BIDMC news release on Thea's antimicrobial synergy paper:
"Bacteria—especially Gram-negative strains—are becoming increasingly resistant to current antibiotic drugs, and the development of new classes of antibiotics has slowed. Faced with these challenges, investigators are studying the potential of combination therapy, in which two or more drugs are used together to increase or restore the efficacy of both drugs against a resistant bacterial pathogen. Now new research indicates that such synergy may work even when bacteria become resistant to colistin, which is considered a treatment agent of last resort.
The findings are especially promising because recent evidence indicates the potential for rapid worldwide spread of colistin resistance. “For an infected patient, if the multidrug-resistant Gram-negative bacterial pathogen is resistant to colistin, then there is a big problem,” said senior author James Kirby, MD, Director of the Clinical Microbiology Laboratory at BIDMC.
In their Antimicrobial Agents and Chemotherapy study, Kirby and his colleagues Thea Brennan-Krohn, MD and Alejandro Pironti, PhD screened 19 different antibiotics for synergy with colistin. The team discovered several combinations where synergy was present and infections with resistant pathogens could potentially be treated with the combination therapy.
Of particular interest, colistin demonstrated high rates of synergy with linezolid, fusidic acid, and clindamycin, which are protein synthesis inhibitor antibiotics that individually have no activity against Gram-negative bacteria. “It was remarkable to see two drugs, each of which is inactive on its own against these bacteria, inhibiting them in combination,” notes Brennan-Krohn. “These findings suggest that colistin retains sub-lethal activity against colistin-resistant bacteria, which may enable drugs like linezolid to reach their targets.”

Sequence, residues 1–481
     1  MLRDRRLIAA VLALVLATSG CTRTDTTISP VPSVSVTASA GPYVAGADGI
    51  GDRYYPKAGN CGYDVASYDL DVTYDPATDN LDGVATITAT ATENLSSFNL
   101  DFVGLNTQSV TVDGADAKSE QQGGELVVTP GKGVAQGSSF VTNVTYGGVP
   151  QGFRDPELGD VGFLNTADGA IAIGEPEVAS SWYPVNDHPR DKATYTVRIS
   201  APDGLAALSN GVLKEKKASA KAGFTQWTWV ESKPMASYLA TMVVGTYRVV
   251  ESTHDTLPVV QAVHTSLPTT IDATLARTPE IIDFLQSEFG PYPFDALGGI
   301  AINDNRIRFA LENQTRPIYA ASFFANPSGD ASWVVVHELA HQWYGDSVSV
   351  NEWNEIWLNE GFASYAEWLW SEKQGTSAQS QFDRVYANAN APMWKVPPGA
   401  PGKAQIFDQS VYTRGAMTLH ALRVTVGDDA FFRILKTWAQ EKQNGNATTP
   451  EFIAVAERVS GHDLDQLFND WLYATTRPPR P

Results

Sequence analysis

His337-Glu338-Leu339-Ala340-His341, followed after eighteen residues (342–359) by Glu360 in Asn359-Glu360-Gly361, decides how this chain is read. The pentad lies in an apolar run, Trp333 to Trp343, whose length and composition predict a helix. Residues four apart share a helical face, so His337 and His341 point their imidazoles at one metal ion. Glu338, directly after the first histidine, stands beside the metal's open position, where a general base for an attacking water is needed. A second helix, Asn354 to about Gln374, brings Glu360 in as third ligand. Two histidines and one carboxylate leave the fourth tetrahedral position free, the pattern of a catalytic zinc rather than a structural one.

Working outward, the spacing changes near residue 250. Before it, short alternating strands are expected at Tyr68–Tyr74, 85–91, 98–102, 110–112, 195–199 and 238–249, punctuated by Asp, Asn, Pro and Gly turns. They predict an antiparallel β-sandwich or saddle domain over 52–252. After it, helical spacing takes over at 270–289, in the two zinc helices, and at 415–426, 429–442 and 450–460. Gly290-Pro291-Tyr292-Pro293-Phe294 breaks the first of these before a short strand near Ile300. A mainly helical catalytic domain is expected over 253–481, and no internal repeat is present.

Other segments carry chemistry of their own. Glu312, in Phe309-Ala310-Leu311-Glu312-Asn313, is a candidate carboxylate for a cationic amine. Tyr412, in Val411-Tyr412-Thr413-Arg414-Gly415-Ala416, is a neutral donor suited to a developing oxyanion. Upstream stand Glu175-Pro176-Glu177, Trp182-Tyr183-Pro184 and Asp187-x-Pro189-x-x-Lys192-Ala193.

“Faced with highly resistant pathogens, clinicians often currently treat with multiple antibiotics without knowing the benefit the combinations may provide,” said Kirby. “This study now provides some scientific underpinning for these choices and direction for future investigation.” He added that combination therapy may also allow clinicians to use lower effective doses of colistin and other drugs, which would help avoid toxicities associated with the medications as well as slow the development of antibiotic resistance.
This work was funded in part with Federal funds from the National Institute of Allergy and Infectious Diseases, the National Institutes of Health, and the Department of Health and Human Services."
"A Little Change Can Make a Lot of MIC Difference: the Inoculum Effect and Antibiotic Susceptibility Testing"
Thanks to American Society of Microbiology science writer, Julie Wolf, for highlighting our inoculum effect manuscript in the ASM mBiosphere Blog, "A Little Change Can Make a Lot of MIC Difference: the Inoculum Effect and Antibiotic Susceptibility Testing"
Synergistic Activity of Colistin-Containing Combinations against Colistin-Resistant Enterobacteriaceae.
Published online today in Antimicrobial Agents and Chemotherapy! Thea Brennan-Krohn, Alejandro Pironti, and James E. Kirby. Synergistic Activity of Colistin-Containing Combinations against Colistin-Resistant Enterobacteriaceae. Antimicrob. Agents Chemother. Accepted manuscript posted online 30 July 2018 , doi:10.1128/AAC.00873-18.
Now live on the Antimicrobial Agents and Chemotherapy Webpage: The Inoculum Effect in the Era of Multidrug Resistance: Minor Differences in Inoculum Have Dramatic Effect on MIC Determination.
KP Smith waxes eloquently on the MALDI-TOF technology for micro-organism identification on the ASM-Blog. I love his time-of-flight (TOF) baseball analogy. Oh, and on his spare time, KP performs translational diagnostics and antimicrobial development research.
Our inoculum effect manuscript in the journal Antimicrobial Agents and Chemotherapy highlighted in BIDMC news release.
Reflections on bacterial pestilence in pre-antibiotic era.
Displayed at Harvard University Art Museums
"But it must be said that we have failed in controlling antimicrobial resistance whenever a physician has to make a choice between a safe drug that might not work and a dangerous but effective one." (page 38-39).
Kirby Lab Blog